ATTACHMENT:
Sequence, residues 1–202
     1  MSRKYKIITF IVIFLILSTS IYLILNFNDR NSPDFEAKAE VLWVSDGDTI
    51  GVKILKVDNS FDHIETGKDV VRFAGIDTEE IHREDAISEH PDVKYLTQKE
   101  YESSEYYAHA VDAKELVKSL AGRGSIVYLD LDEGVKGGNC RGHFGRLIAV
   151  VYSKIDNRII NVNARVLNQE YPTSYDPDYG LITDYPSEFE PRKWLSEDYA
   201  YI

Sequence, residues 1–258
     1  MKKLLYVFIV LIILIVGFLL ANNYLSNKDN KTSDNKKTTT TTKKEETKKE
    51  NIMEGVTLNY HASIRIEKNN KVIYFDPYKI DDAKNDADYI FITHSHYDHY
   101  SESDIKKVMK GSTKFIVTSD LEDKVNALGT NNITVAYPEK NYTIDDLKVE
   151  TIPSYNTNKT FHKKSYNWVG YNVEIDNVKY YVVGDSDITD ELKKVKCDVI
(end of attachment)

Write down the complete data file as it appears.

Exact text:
Sequence, residues 1–202
     1  MSRKYKIITF IVIFLILSTS IYLILNFNDR NSPDFEAKAE VLWVSDGDTI
    51  GVKILKVDNS FDHIETGKDV VRFAGIDTEE IHREDAISEH PDVKYLTQKE
   101  YESSEYYAHA VDAKELVKSL AGRGSIVYLD LDEGVKGGNC RGHFGRLIAV
   151  VYSKIDNRII NVNARVLNQE YPTSYDPDYG LITDYPSEFE PRKWLSEDYA
   201  YI

Sequence, residues 1–258
     1  MKKLLYVFIV LIILIVGFLL ANNYLSNKDN KTSDNKKTTT TTKKEETKKE
    51  NIMEGVTLNY HASIRIEKNN KVIYFDPYKI DDAKNDADYI FITHSHYDHY
   101  SESDIKKVMK GSTKFIVTSD LEDKVNALGT NNITVAYPEK NYTIDDLKVE
   151  TIPSYNTNKT FHKKSYNWVG YNVEIDNVKY YVVGDSDITD ELKKVKCDVI